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Multisensory Learning Student Perspective

Student Perspective: Multisensory Learning

One of the best ways you can engage your students with learning differences is by using multisensory practices.

What are the benefits of teaching with multisensory activities? This student-authored post is part of a series that highlights student perspectives around learning and executive function in the classroom. 

One of the best ways you can engage your students with learning differences is by using multisensory practices.

What is Multisensory Learning?

Multisensory learning occurs when a student uses multiple senses to learn information. The goal of multisensory learning is to allow your students to connect to the material being taught in many different ways. Students with and without learning differences can benefit from a multisensory approach since it allows students to make new connections and strengthen memories.

Engaging through Multisensory Activities

As I’ve gotten older, I’ve noticed that teachers use the same multisensory techniques from first grade through high school, but it is important for teachers to adapt their multisensory practices to better serve older students.  

For instance, watching videos in class is a multisensory activity. In biology class, dissecting an animal is multisensory because it allows the students to see and touch the parts of the animal that are being studied. Science is a great subject for multisensory teaching because many experiments are naturally multisensory — a great reason to increase the number of hands-on experiments in science.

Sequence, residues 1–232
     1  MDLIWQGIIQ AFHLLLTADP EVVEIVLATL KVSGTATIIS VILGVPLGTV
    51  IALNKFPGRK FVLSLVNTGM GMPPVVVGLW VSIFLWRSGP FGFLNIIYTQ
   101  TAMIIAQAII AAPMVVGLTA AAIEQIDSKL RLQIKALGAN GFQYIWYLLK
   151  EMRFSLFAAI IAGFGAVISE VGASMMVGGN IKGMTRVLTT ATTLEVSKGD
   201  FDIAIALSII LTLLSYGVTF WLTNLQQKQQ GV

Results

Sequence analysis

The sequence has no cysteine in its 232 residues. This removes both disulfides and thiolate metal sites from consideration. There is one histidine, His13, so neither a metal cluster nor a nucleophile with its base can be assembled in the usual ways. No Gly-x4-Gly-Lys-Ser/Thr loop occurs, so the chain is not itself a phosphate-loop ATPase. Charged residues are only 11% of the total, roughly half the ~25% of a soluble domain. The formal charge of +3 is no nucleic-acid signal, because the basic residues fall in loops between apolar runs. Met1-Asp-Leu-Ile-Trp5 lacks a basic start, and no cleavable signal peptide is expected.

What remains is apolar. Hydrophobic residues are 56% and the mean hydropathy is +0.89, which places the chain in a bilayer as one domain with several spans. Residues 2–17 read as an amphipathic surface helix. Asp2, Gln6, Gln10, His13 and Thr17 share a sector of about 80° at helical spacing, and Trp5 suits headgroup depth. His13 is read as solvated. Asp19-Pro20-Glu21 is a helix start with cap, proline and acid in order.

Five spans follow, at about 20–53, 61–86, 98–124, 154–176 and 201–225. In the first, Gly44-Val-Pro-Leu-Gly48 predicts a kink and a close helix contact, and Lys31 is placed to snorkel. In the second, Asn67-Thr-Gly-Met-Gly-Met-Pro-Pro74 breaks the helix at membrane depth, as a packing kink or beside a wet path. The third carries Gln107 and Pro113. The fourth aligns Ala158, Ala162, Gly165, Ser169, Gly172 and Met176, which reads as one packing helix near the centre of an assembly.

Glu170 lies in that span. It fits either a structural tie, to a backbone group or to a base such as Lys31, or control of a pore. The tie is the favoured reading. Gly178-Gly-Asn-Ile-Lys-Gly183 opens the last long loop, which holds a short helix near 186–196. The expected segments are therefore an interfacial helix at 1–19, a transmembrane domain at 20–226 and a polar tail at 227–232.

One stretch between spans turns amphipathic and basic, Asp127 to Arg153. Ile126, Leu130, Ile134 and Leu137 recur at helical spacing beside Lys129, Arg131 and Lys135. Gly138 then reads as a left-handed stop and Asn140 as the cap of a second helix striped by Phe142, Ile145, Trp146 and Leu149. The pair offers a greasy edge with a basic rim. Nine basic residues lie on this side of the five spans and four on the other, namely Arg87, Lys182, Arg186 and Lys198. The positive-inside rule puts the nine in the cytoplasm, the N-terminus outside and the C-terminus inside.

One multisensory activity for English and history classes is acting out scenes of a book or scenes from history. This allows students to immerse themselves in the time or book, helping them learn by interacting with the text in another way. 

Students will learn best if you try to integrate different multisensory activities, instead of relying only on traditional teaching practices like lecturing. There are many different ways that you can approach multisensory teaching. It can be helpful to experiment and think of new multisensory activities that fit with what you are teaching.

Join us this November for the 36th Annual Executive Function Conference, which will focus on promoting resilience and equity for ALL students.

  • C. Solomon, Student Contributor

SMARTS Executive Function Curriculum: smarts-ef.org

Research Institute for Learning and Development: researchild.org

The Institute for Learning and Development: ildlex.org

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